Mar. 2009. Web. 30 Nov 2009. (direct link: http://www.salon.com/books/int/2009/03/24/wikipedia/)
            Primary Bibliography - 1

   Bennington, Adam "Dissecting the Web through Wikipedia." American
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   Kevin, Pho "Wikipedia isn't really the patient's friend." USA Today n.d.:
    EBSCO MegaFILE. EBSCO. Web. 4 Nov. 2009.
   Maehre, Jeff "What It Means to Ban Wikipedia." College Teaching 57.4
    (2009): 229-236. EBSCO MegaFILE. EBSCO. Web. 12 Nov. 2009.
              Primary Bibliography - 3

   Mengisen, Annika. “By a Bunch of Nobodies: A Q&A With the Author of The
    Wikipedia Revolution” Freakonomics: the Hidden Side of Everything. New
    York Times Company, 16 Jun. 2009. Web. 30 Nov 2009. (direct link: :
    http://freakonomics.blogs.nytimes.com/2009/06/16/by-a-bunch-of-nobodies-
    a-qa-with-the-author-of-the-wikipedia-revolution/?pagemode=print)
   Nicholson, Peter, “The Changing Nature of Intellectual Authority.”
    www.alr.org. Association of Research Libraries, n.d. Web. 10 Dec. 2009
    (direct link:
    http://www.arl.org/resources/pubs/mmproceedings/nicholson~print.shtml)
   Pollard, Elizabeth Ann "Raising the Stakes: Writing about Witchcraft on
    Wikipedia." History Teacher 42.1 (2008): 9-24. EBSCO MegaFILE. EBSCO.
    Web. 4 Nov. 2009.
   Rossmeier, Vincent. “Are We Dangerously Dependent on Wikipedia?”
    Salon. Salon Media Group, 24 Mar. 2009. Web. 30 Nov 2009. (direct link:
    http://www.salon.com/books/int/2009/03/24/wikipedia/) (this is an interview
    with Andrew Lih, author of The Wikipedia Revolution)
   Sanger, Larry. "The Fate of Expertise After Wikipedia."
    http://www.larrysanger.org/, n.d. Web. 30 Nov. 2009. (direct link:
    http://www.larrysanger.org/FateOfExpertiseAfterWikipedia.pdf)
            Primary Bibliography - 4

   Shirky, Clay. “A Speculative Post on the Idea of Algorithmic
    Authority” [Webblog entry.] Clay Shirkey. N.p. 15 Nov 2009
    (http://www.shirky.com/weblog/2009/11/a-speculative-post-on-the-
    idea-of-algorithmic-authority/). 9 Dec 2009.
   Winfield, Nicole “Facebook Wikipedia Execs Brief Vatican on Web”
    Associated Press. 12 Nov 2009. Web. 8 Dec 2009. (direct link:
    http://www.google.com/hostednews/ap/article/ALeqM5hux1AJECDO
    q8ITPkdeJvetoRUoWwD9BU93Q80)
   "Wikipedia: London Bombings". YouTube.com. 22 Nov. 2006. n.p.
    30 November 2009 <http://www.youtube.com/watch?v=s8O-hv3w-
    MU>.
   “The Word Wikiality.” http://www.colbertnation.com/the-colbert-
    report-videos/72347/july-31-2006/the-word---wikiality. Colbert
    Nation, n.d. Web. 30 Nov. 2009
Sources for pics in live presentation
                -1
   Wikipedia logo: http://blog.delaranja.com/wp-content/uploads/wikipedia-logo.png
   Stephen Colbert pic: http://en.wikipedia.org/wiki/Stephen_Colbert
   Nicholas Carr pic: http://www.futurelab.net/blogs/marketingstrategy-
    innovation/2005/11/nicholas_carr_is_having_a_go_a.html
   “Just Say No” Wikipedia: http://www.indymedia.ie/article/85839?comment_order=asc
   “Playing the ball, not the man” (basketball pic): http://ebablogs.com/index.php
   White Wikipedia logo: http://discovermagazine.com/2006/nov/jarons-world-digital-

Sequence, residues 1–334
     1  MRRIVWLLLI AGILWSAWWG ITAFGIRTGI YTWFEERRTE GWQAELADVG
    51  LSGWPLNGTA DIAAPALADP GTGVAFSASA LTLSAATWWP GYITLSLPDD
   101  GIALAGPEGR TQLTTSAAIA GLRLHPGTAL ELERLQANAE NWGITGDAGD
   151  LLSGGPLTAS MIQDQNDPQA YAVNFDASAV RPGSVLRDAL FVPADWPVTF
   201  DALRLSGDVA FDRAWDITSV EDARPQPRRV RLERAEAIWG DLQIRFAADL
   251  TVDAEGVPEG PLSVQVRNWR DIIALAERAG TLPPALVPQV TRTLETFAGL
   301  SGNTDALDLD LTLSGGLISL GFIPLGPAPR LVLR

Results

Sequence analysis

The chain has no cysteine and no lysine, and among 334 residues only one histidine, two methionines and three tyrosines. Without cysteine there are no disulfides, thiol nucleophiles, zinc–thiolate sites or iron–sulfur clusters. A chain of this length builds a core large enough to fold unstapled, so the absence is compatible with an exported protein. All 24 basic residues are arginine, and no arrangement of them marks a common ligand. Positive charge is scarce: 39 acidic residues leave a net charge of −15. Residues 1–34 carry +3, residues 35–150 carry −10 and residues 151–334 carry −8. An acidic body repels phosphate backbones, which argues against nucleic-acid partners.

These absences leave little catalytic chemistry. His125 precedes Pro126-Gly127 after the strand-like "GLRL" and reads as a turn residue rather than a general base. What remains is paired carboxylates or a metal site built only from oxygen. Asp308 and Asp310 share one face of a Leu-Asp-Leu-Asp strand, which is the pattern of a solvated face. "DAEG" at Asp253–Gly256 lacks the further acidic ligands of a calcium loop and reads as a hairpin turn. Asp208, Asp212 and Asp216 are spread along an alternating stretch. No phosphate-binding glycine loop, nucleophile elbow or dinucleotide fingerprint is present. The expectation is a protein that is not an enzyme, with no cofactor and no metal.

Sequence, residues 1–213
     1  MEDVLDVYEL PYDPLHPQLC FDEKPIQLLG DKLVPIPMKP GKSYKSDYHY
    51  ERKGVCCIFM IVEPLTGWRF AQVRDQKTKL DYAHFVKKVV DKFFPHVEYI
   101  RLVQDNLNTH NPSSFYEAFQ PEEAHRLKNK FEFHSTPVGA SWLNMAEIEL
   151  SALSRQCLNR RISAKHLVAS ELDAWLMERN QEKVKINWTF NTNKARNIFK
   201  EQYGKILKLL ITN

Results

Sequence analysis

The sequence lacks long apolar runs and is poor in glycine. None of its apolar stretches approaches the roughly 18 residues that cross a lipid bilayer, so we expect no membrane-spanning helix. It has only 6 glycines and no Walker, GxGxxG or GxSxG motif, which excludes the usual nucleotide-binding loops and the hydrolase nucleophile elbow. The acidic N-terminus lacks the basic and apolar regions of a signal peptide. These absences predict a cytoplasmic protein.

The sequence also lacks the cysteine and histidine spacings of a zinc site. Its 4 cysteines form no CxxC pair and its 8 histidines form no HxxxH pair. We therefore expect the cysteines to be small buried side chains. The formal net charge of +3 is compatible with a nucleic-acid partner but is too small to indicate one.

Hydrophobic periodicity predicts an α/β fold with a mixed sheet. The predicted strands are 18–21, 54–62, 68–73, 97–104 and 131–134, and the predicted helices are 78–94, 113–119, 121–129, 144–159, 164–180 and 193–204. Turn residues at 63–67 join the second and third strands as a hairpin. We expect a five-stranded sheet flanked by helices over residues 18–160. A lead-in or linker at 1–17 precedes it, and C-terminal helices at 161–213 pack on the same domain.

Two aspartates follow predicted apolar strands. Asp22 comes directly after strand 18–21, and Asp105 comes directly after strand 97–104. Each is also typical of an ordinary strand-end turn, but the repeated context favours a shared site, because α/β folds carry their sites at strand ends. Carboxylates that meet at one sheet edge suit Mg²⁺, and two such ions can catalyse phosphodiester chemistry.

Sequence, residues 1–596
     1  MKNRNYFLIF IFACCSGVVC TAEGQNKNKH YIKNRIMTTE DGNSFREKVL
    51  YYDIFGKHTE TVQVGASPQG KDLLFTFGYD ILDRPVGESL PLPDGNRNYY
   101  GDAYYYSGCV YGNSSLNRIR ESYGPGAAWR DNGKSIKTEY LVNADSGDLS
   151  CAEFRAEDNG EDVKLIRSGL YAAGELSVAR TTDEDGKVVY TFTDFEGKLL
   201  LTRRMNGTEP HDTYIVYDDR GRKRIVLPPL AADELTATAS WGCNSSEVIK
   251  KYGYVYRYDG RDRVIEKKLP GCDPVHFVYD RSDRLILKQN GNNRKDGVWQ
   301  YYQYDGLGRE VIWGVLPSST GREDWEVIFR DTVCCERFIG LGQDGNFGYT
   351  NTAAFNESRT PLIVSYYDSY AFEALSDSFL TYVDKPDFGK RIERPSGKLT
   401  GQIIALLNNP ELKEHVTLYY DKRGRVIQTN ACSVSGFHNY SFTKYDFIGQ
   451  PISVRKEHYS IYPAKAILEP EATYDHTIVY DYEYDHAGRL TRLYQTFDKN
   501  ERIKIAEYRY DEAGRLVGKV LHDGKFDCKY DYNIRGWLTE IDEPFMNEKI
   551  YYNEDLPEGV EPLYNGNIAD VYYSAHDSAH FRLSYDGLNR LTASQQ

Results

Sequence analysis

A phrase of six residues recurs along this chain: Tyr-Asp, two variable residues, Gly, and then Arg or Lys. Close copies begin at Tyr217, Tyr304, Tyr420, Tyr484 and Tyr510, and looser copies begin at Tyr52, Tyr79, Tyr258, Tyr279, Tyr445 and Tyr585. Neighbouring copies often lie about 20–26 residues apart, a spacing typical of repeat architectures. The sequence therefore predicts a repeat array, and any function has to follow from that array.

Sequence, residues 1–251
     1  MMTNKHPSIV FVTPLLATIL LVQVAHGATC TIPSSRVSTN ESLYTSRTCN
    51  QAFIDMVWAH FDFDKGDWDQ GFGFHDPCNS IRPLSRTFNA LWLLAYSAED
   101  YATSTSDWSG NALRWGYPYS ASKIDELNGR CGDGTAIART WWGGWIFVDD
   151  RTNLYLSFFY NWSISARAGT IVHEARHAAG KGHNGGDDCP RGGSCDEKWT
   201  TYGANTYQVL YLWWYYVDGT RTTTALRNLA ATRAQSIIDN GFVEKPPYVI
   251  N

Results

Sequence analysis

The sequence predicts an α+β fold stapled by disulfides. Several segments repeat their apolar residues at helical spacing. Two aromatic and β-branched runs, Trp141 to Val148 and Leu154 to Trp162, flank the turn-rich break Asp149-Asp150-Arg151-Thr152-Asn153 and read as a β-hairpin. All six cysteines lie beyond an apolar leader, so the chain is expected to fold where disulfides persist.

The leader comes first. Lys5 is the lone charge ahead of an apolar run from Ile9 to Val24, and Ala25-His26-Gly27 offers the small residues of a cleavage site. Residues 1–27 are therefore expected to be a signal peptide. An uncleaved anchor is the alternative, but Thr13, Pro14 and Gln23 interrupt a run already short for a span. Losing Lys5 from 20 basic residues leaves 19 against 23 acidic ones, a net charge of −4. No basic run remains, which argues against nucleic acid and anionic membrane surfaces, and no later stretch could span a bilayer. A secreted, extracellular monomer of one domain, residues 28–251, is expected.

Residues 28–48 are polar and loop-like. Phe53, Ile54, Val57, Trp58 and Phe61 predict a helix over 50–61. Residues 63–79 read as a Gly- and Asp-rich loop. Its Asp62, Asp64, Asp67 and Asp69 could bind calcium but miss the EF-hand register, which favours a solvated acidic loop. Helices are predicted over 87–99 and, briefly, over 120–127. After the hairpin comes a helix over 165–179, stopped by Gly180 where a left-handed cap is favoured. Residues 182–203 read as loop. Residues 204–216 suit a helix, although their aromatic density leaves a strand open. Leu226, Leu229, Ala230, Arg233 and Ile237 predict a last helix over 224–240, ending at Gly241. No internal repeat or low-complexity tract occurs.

maoism/wiki200.jpg ; Jaron Lanier pic:
    http://www.edge.org/3rd_culture/lanier06/lanier06_index.html ; Maoism pic:
    http://www.zimbio.com/Barack+Obama/articles/5697/Digital+Maoism+Organizing+America
   “Do you have a facebook?”: http://lonewolflibrarian.wordpress.com/2009/05/21/warning-to-
    libraries-with-facebook-pages-05-21-09/ ; Wikipedia logo: http://blog.delaranja.com/wp-
    content/uploads/wikipedia-logo.png ; Pope Benedict:
    http://britanniaradio.blogspot.com/2009_02_04_archive.html
   People as lemmings: Flickr photo credit: http://www.flickr.com/photos/hikingartist/3554540625
    Larry Sanger pic: http://en.wikipedia.org/wiki/Larry_Sanger
   Wikipedia Revolution book cover: http://www.amazon.com/Wikipedia-Revolution-Nobodies-
    Greatest-Encyclopedia/dp/B002KAOS60/ref=sr_1_1?ie=UTF8&s=books&qid=1258394321&sr=1-
    1
Sources for pics in live presentation
                -2
   Why Johnny Can’t… : http://www.amazon.co.uk/Why-Johnny-Cant-Read-about/dp/0060913401,
    http://www.mbakeradvertisingconsultant.tv/Showcase.html,
    http://www.challies.com/archives/book-reviews/why-johnny-cant-preach.php,
    http://www.amazon.com/Why-Johnny-Cant-Concentrate-Attention/dp/0553375415,
    http://www.whyjohnnycantsell.com/, http://www.natvanbooks.com/cgi-
    bin/webc.cgi/st_prod.html?p_prodid=892,
    http://www.drlaura.com/reading/index.html?mode=view&id=5, http://books.rediff.com/book/Linden-
    Myra-J/Why-Johnny-Can't-Write-P/ISBN:0805808531/82250049,
    http://www.douban.com/subject/2568002/
   Woman at computer: Microsoft clip art ; Google: http://hydgeeks.blogspot.com/2008/03/how-to-
    clear-google-search-history.html ; Wikipedia logo: http://blog.delaranja.com/wp-
    content/uploads/wikipedia-logo.png
   Blind men and elephant: http://www.gutenberg.org/files/16379/16379-h/16379-h.htm
   Hobbits:
    http://i297.photobucket.com/albums/mm220/AnnaMollyMadison/Lord%20of%20the%20Rings/lotr2
    .jpg
   Google: http://hydgeeks.blogspot.com/2008/03/how-to-clear-google-search-history.html
   Google book search:
    http://3.bp.blogspot.com/_m0YtPN5vgmI/SUAhQT0f9qI/AAAAAAAAJtU/P3SOopnPwGk/s400/goo
    gle-book-search-logo.jpg
   Delicious: http://blog.perksconsulting.com/wp-content/uploads/2009/05/http-_pulse2com_wp-
    content_uploads_2008_07_delicious-logo.png
Sources for pics in live presentation
                -3
   Deep web: http://quod.lib.umich.edu/cgi/t/text/text-
    idx?c=jep;view=text;rgn=main;idno=3336451.0007.104
   Elm4you, MNLink: obtained via Google Image search, no urls collected
   “Beyond the Internet” book cover: http://www.bernan.com/images/1598881736.jpg
   Clay Shirky pic: http://en.wikipedia.org/wiki/Clay_Shirky
   Osseo Area Schools logo – no url collected
   Einstein pic: http://en.wikipedia.org/wiki/Albert_Einstein
   M.C. Escher “Relativity”: http://darnstraight.files.wordpress.com/2009/09/lego-relativity-real.jpg
   George Orwell pic: http://en.wikipedia.org/wiki/George_Orwell ; 1984 book cover:
    http://transcurrents.com/tc/1984TC0923.jpg
   Humpty Dumpty: http://www.sabian.org/Alice/lgchap06.htm